Natural Experiments in Macroeconomics

Date: 2015-05
By: Fuchs-Schündeln, Nicola
Hassan, Tarek
A growing literature relies on natural experiments to establish causal effects in macroeconomics. In diverse applications, natural experiments have been used to verify underlying assumptions of conventional models, quantify specific model parameters, and identify mechanisms that have major effects on macroeconomic quantities but are absent from conventional models. We discuss and compare the use of natural experiments across these different applications and summarize what they have taught us about such diverse subjects as the validity of the Permanent Income Hypothesis, the size of the fiscal multiplier, and about the effects of institutions, social structure, and culture on economic growth. We also outline challenges for future work in each of these fields, give guidance for identifying useful natural experiments, and discuss the strengths and weaknesses of the approach.
Keywords: Civic Capital; Fiscal Multiplier; Institutions; Multiple Equilibria; Networks; Permanent Income Hypothesis; Social Structure; Social Ties; Trust
JEL: C1 C9 E21 E62 H31 O11 O14 O43 O50

Enhanced Gravity Model of trade: reconciling macroeconomic and network models

Date: 2015-06
By: Assaf Almog
Rhys Bird
Diego Garlaschelli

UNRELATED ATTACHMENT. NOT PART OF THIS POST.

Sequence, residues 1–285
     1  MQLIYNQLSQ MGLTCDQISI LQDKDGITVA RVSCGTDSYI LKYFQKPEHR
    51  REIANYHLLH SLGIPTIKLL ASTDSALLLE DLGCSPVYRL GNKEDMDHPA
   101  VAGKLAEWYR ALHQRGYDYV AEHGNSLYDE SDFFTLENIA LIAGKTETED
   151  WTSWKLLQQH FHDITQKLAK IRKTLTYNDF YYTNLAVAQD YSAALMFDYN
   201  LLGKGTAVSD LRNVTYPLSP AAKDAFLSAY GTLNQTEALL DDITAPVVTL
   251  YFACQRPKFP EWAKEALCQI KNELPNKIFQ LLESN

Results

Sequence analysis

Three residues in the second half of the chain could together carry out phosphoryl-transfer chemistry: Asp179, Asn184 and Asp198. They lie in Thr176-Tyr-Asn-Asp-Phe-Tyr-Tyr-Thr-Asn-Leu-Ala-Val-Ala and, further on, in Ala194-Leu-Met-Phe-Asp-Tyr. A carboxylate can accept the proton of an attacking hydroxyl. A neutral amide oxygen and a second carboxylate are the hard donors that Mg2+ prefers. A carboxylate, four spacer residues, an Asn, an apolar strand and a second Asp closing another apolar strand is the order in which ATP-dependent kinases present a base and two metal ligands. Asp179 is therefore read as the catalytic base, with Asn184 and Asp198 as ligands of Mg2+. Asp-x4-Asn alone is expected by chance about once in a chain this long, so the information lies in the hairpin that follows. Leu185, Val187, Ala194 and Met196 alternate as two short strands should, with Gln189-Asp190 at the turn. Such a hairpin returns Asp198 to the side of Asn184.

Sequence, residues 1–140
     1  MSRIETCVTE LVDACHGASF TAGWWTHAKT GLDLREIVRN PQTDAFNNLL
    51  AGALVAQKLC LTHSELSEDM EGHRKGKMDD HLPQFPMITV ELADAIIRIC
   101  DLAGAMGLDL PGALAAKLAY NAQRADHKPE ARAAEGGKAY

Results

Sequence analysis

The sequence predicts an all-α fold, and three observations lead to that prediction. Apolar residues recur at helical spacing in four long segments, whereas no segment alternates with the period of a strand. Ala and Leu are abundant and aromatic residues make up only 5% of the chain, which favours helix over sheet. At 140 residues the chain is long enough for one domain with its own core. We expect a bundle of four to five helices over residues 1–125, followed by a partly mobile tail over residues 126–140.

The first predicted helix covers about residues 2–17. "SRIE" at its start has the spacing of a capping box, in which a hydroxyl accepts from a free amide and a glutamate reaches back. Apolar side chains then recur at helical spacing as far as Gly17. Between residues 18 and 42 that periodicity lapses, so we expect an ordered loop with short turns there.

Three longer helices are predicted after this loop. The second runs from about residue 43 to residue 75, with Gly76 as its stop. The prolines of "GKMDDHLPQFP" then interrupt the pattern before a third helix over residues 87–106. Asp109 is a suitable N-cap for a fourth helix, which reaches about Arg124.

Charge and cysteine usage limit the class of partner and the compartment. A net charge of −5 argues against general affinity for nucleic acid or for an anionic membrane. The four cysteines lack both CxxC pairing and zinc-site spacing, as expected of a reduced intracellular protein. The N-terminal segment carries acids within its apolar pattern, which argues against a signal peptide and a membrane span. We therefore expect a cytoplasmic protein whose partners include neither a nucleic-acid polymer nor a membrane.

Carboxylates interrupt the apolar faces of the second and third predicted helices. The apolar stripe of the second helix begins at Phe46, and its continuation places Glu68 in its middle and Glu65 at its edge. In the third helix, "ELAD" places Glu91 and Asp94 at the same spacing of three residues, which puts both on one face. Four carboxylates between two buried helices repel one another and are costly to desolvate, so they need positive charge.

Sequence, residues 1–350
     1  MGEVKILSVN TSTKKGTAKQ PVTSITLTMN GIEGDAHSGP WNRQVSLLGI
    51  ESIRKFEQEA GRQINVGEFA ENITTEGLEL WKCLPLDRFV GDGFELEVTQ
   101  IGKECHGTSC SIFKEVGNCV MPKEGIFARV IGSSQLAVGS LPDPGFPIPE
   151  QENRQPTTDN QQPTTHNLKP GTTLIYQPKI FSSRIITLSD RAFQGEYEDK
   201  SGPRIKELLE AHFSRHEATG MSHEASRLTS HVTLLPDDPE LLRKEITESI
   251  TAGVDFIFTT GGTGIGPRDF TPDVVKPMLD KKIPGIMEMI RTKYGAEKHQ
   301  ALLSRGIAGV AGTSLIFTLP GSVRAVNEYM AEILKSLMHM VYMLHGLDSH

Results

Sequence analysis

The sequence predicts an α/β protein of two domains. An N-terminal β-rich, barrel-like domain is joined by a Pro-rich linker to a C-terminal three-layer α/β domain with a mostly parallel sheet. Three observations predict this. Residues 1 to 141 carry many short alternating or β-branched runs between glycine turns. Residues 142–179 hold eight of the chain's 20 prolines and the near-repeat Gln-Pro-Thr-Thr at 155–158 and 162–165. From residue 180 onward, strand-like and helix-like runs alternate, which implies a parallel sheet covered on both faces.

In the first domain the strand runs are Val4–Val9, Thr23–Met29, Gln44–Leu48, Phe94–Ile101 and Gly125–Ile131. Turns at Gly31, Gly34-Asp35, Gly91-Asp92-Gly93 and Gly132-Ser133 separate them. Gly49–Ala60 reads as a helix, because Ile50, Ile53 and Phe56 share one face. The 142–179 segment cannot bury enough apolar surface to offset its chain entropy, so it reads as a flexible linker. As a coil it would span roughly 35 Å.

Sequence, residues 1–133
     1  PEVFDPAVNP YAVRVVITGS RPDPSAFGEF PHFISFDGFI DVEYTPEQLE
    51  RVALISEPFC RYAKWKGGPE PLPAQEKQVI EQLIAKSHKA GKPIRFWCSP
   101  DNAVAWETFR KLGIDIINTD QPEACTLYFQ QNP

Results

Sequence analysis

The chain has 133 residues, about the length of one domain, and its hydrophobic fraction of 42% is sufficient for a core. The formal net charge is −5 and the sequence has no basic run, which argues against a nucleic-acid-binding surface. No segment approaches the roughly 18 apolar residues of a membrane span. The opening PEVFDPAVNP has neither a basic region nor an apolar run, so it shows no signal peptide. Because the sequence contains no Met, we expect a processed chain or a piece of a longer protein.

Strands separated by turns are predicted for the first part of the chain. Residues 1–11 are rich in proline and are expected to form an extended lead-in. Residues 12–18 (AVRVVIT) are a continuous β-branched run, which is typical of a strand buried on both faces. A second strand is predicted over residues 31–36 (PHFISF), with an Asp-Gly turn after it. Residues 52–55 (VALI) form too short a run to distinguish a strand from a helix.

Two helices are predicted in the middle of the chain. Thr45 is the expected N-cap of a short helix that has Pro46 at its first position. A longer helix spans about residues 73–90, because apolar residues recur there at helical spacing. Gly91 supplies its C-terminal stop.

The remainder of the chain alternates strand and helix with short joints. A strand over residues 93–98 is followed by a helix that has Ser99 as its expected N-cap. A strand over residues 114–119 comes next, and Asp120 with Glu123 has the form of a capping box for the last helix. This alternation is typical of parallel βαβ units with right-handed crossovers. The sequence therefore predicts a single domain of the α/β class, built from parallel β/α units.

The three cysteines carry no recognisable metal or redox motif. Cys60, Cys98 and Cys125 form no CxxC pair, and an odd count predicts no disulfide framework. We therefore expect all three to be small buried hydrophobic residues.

The bilateral trade relations between world countries form a complex network, the International Trade Network (ITN), which is involved in an increasing number of worldwide economic processes, including globalization, integration, industrial production, and the propagation of shocks and instabilities. Characterizing the ITN via a simple yet accurate model is an open problem. The classical Gravity Model of trade successfully reproduces the volume of trade between two connected countries using known macroeconomic properties such as GDP and geographic distance. However, it generates a network with an unrealistically homogeneous topology, thus failing to reproduce the highly heterogeneous structure of the real ITN. On the other hand, network models successfully reproduce the complex topology of the ITN, but provide no information about trade volumes. Therefore macroeconomic and network models of trade suffer from complementary limitations but are still largely incompatible. Here, we make an important step forward in reconciling the two approaches, via the introduction of what we denote as the Enhanced Gravity Model (EGM) of trade. The EGM combines the maximum-entropy nature of network models with the established econometric structure of the Gravity Model. Using a single, unified and principled mechanism that is transparent enough to be generalized to other economic networks, the EGM allows trade probabilities and trade volumes to be separately controlled via any combination of dyadic and country-specific macroeconomic variables. We show that the EGM successfully reproduces both the topology and the weights of the ITN, finally reconciling the conflicting approaches. Moreover, it provides a general and simple theoretical explanation for the failure of economic models that do not explicitly focus on network topology: namely, their lack of topological invariance under a change of units.